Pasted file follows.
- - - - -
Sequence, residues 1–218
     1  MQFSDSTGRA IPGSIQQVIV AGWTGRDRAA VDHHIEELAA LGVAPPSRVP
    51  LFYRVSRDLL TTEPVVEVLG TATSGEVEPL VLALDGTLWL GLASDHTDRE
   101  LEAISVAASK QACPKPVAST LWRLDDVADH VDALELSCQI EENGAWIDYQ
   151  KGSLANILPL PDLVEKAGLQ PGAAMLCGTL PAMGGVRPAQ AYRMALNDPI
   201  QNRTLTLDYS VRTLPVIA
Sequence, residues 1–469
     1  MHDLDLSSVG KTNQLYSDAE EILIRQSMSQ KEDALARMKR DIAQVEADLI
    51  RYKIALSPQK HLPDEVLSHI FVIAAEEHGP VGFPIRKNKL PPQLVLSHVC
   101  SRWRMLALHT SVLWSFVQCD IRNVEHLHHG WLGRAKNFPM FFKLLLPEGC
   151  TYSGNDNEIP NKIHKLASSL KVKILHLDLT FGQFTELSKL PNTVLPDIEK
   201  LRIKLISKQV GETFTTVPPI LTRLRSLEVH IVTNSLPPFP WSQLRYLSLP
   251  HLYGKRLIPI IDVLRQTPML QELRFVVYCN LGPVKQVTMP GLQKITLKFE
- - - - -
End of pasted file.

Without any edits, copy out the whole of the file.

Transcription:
Sequence, residues 1–218
     1  MQFSDSTGRA IPGSIQQVIV AGWTGRDRAA VDHHIEELAA LGVAPPSRVP
    51  LFYRVSRDLL TTEPVVEVLG TATSGEVEPL VLALDGTLWL GLASDHTDRE
   101  LEAISVAASK QACPKPVAST LWRLDDVADH VDALELSCQI EENGAWIDYQ
   151  KGSLANILPL PDLVEKAGLQ PGAAMLCGTL PAMGGVRPAQ AYRMALNDPI
   201  QNRTLTLDYS VRTLPVIA
Sequence, residues 1–469
     1  MHDLDLSSVG KTNQLYSDAE EILIRQSMSQ KEDALARMKR DIAQVEADLI
    51  RYKIALSPQK HLPDEVLSHI FVIAAEEHGP VGFPIRKNKL PPQLVLSHVC
   101  SRWRMLALHT SVLWSFVQCD IRNVEHLHHG WLGRAKNFPM FFKLLLPEGC
   151  TYSGNDNEIP NKIHKLASSL KVKILHLDLT FGQFTELSKL PNTVLPDIEK
   201  LRIKLISKQV GETFTTVPPI LTRLRSLEVH IVTNSLPPFP WSQLRYLSLP
   251  HLYGKRLIPI IDVLRQTPML QELRFVVYCN LGPVKQVTMP GLQKITLKFE